Companies like Amazon, Uber and Netflix are reinventing citizens' expectations about what government services can look like, according to former Chief Information Officer (CIO) of the United States Vivek Kundra, now Executive Vice President of Emerging Markets at Salesforce.
“Today we’ve entered an era where it’s about systems of intelligence…you have to be able to anticipate the needs of your customers or citizens and get there before they do,” said Kundra.
He warns, however, that governments around the world are continuing to “throw good money after bad” into solutions still grounded in 1960s era technology models.
Kundra spoke to Intermedium before joining the UTS Digital Innovation Summit in late March, being led by Minister for Communications Malcolm Turnbull. The Summit was used by Minister Turnbull to launch the Digital Transformation Office (DTO). At its core purpose, the DTO intends to streamline public interactions with governments so that digital public sector services are ubiquitous, end-to-end, and on par with a range of services already available in the online banking and shopping world.
Taking cues from service delivery in the ‘Digital 5 countries’ – the United Kingdom, South Korea, Estonia, Israel and New Zealand – the DTO will help the Government make good on its goal that services occurring over 50,000 times per year can be achieved online by 2017.
Turnbull told the Summit audience: “You’re going to be putting your hands on a smartphone and going to the myGov application… and you’re going to be so excited, [asking] ‘what can I do with the government today?’”
Kundra had praise for both Minister Turnbull and the digital service delivery programs already in motion across a range of jurisdictions. “I believe that Minister Turnbull is the right leader to drive this transformation for the nation.”
“It’s an amazing opportunity under the leadership of Mr. Turnbull to build a nation that will prosper… and that will fundamentally reinvent and show the rest of the world what digital services look like,” he added.
ServiceNSW is an exemplar of the digital transformation, according to Kundra. “They have begun with a principal that the best trip to the government office is the one you don’t have to make. They’ve moved hundreds of transactions to the digital world and they’ve enabled people to self-service…. anytime, anywhere.”
“They’ve been able to do that under the construct of dealing with government rules and regulations,” he added.
Salesforce provides ServiceNSW with the front end interface seen by both citizens and staff. Dan Bognar, Vice President, Sales Engineering, Asia Pacific at Salesforce told Intermedium in 2014: “It shields the citizen from all the traditional legacy agencies, back end systems and processes by providing an omni-channel system of engagement across the shop front network, customer call centre and dedicated web portal.”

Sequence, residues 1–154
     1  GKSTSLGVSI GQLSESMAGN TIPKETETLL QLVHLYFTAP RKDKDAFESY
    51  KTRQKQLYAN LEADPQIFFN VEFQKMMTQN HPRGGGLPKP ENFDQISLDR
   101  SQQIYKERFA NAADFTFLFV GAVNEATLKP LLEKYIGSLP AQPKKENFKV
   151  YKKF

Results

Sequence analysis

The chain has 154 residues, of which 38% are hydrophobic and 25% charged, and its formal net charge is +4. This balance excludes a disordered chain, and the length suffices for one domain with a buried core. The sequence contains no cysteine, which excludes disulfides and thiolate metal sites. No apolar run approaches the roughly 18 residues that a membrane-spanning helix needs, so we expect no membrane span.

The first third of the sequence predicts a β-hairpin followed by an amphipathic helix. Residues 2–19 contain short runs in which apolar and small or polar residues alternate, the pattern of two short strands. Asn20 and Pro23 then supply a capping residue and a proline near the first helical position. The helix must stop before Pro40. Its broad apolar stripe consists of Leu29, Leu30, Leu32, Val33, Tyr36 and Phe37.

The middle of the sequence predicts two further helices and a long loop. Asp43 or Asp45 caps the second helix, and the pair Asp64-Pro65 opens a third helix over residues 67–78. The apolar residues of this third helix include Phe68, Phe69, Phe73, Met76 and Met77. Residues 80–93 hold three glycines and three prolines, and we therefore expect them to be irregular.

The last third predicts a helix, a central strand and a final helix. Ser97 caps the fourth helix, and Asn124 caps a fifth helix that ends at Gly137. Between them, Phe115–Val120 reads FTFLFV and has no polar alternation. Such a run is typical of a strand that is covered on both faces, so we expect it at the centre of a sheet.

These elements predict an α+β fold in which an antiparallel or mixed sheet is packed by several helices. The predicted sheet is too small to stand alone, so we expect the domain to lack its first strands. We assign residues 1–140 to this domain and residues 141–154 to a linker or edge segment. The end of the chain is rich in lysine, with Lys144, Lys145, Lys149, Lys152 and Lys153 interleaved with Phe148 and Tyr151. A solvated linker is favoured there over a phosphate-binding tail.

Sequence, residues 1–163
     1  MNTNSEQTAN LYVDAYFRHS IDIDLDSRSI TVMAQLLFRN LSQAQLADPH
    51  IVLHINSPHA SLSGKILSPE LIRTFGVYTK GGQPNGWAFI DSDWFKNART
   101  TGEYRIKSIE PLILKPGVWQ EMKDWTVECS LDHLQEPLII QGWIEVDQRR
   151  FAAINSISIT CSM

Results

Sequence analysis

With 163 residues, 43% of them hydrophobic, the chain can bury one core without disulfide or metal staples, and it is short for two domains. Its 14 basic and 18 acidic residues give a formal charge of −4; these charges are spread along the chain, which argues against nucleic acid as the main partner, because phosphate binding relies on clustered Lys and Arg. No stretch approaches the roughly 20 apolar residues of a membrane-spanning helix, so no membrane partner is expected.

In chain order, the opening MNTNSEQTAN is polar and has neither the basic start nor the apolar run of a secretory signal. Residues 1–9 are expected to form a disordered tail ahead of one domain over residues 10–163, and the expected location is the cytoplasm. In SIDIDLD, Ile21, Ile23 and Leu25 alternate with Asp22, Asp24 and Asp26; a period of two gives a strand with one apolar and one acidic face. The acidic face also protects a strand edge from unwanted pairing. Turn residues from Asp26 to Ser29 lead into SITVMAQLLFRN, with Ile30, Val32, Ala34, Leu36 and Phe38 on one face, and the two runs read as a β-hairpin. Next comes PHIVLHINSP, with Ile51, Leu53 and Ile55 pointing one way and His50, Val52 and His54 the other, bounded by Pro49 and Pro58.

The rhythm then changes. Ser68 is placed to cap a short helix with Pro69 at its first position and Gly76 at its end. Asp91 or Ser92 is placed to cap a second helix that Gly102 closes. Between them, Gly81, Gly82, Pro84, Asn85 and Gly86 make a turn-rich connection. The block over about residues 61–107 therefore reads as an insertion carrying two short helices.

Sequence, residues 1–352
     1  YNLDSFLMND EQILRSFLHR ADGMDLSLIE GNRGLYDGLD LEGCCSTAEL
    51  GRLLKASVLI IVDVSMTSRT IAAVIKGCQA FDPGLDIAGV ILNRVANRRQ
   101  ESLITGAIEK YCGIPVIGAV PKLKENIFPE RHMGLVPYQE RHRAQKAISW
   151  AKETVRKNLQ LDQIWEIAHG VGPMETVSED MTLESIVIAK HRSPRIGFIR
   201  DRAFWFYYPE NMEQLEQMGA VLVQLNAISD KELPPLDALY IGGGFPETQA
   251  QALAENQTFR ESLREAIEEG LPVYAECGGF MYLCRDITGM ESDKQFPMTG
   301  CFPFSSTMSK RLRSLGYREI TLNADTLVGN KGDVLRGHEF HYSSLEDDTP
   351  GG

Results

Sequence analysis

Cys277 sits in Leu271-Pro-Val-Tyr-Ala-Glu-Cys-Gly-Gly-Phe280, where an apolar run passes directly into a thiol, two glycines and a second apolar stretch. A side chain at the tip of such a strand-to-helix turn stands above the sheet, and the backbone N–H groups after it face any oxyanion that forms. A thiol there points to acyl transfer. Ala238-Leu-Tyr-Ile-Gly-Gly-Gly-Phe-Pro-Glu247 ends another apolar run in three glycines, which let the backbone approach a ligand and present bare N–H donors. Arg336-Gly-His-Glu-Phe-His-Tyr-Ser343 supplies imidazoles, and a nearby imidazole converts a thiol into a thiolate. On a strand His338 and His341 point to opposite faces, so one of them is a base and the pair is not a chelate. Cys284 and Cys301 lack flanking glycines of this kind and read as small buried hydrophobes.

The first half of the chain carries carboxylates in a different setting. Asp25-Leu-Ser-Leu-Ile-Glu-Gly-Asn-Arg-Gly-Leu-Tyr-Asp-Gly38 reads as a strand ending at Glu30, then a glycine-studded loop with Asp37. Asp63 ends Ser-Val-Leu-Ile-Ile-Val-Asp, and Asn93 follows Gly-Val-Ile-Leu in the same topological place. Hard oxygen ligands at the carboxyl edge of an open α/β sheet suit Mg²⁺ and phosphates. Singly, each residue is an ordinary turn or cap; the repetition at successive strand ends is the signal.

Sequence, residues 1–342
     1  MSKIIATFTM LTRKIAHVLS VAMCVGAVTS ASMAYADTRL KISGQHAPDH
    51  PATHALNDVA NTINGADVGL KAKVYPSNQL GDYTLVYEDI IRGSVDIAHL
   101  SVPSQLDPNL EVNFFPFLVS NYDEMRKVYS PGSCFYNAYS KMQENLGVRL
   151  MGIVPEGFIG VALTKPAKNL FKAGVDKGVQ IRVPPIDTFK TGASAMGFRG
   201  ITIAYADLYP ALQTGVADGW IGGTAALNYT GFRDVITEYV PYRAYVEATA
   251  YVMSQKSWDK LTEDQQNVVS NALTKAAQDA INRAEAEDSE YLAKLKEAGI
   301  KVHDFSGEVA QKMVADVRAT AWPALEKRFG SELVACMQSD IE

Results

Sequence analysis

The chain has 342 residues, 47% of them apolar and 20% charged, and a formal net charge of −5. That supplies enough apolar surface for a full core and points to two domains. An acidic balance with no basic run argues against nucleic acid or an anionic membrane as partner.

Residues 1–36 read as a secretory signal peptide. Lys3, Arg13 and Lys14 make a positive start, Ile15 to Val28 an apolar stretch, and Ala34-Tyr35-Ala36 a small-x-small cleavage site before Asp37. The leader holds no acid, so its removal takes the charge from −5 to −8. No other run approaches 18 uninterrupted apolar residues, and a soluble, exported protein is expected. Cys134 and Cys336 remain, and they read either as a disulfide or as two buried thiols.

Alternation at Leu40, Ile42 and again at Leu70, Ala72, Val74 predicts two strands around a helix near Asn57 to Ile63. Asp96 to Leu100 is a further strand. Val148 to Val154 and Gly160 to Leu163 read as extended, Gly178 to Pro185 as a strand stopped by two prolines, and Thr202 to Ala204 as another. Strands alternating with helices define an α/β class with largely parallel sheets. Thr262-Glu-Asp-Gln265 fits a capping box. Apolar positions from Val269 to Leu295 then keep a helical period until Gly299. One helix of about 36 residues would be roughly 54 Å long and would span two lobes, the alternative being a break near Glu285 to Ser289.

Indeed, “adopt a user-centred design approach…” is the third criterion in the DTO’s “alpha version of the new digital service standard” which it is currently seeking feedback for. The standard emphasises outward-facing service delivery outcomes and digital-first goals to apply across agencies. “Use web service APIs, open standards and common government solutions where possible and make all new source code open and reusable where appropriate,” states the ninth principle.
The DTO will take “an agile and open approach to the way in which services and information are developed… and when we actually deploy services and put information out there we'll be iterating that information and those services to improve them in response to feedback”, according to David Hazlehurst, who is acting as the DTO Chief Executive Officer while the agency recruits a permanent CEO.
To overcome some of the problems often associated with government-led ICT projects, Kundra suggested:
- Terminating or freezing projects not delivering value for citizens;
- Make citizen-led decisions with regard to technology investment. “Make sure that you are engineering around your customers, not around government officials behind closed doors… then coming out with a multi-year IT project plan with the likelihood of that project failure extremely high… Get out there in the field, listen to customers, identify their needs;
- Don’t try to “boil the ocean…you need to be able to start small and scale fast”; and
- Begin with mobile.
“At the end of the day you’ve got to have simple engineering principals that puts the citizen at the heart of everything you design,” he said.
Minister Turnbull used the Innovation Summit to announce its NICTA-build ICT spending dashboard, one of the promises in the 2013 Coalition Policy for eGovernment and the Digital Economy. The United States Government released its IT dashboard under Kundra's responsibility.
“I actually remember being in a Senate hearing when the Senator asked me: ‘What are you going to do differently to managing the 80 billion dollars that you are responsible for in federal government IT expenditure?’ I said Senator: ‘I am going to launch an IT dashboard and I am going to put the picture of every CIO in the US Government… [next to the status of the] IT project they are responsible for…’ We were able to do that within 60 days.”
“My bias was to execute and iterate as it moved along. And literally within six months of launching the IT dashboard we were able to save three billion dollars in federal government IT spending.”